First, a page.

The Necessity of Verbal Revelation

In Doctrine of Scripture, Francis Turretin, Turretin's 21 Questions by Chris ThomasLeave a Comment

QUESTION 1: Was revelation by the word necessary? Affirmative.

I. Since the word of God is the unique foundation (principium) of theology, its necessity is properly
investigated at the very beginning: was it necessary for God to reveal himself to us by the word? or, was
the word of God necessary? There have been in the past, and are also today, some who maintain that
sufficient capacity for living well and happily resides in human nature, so that they regard any revelation
from heaven as not only superfluous, but even as absurd. Since nature takes care of the needs of people
just as it does those of other living creatures, so, they believe, reason, or the light of nature, is fully
sufficient for the guidance of life and the pursuit of happiness.

II. But the orthodox church has always believed very differently, declaring that the revelation of God’s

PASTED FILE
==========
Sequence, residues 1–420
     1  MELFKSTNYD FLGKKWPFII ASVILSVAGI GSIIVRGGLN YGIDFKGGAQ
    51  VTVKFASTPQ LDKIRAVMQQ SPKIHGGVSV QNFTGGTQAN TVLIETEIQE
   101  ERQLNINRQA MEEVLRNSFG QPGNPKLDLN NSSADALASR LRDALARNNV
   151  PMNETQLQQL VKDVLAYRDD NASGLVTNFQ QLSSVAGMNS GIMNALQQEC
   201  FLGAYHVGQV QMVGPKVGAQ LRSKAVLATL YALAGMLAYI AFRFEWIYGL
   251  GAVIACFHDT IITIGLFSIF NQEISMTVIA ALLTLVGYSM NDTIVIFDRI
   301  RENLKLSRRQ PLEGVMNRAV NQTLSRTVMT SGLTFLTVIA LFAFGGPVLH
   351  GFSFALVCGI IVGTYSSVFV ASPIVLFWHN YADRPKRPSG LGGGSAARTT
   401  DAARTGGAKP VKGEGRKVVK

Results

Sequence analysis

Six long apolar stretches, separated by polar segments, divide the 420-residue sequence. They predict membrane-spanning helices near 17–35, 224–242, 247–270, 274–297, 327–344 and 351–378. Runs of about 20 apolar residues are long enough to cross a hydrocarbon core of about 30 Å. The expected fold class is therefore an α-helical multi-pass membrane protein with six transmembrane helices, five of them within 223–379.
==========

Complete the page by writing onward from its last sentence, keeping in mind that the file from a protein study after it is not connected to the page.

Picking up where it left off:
word is absolutely and simply necessary to humanity for salvation because

[the word] is the seed which
causes rebirth (I Peter 1:23), the lamp by which we are guided (Ps. 119:105), the food by which we are
nourished (Heb. 5:13 -14), and the foundation upon which we depend (Eph.2:20).

III. The following evidence proves the above:

(1) the supreme goodness of God, communicative of itself;
since he has created mankind for himself, that is, for a supernatural end, and for a condition far happier
than this earthly existence, he cannot be conceived as willing that they should lack in this respect, but he
made clear to them by means of the word this very happiness and the way for obtaining it, which[“natural”] reason did not know.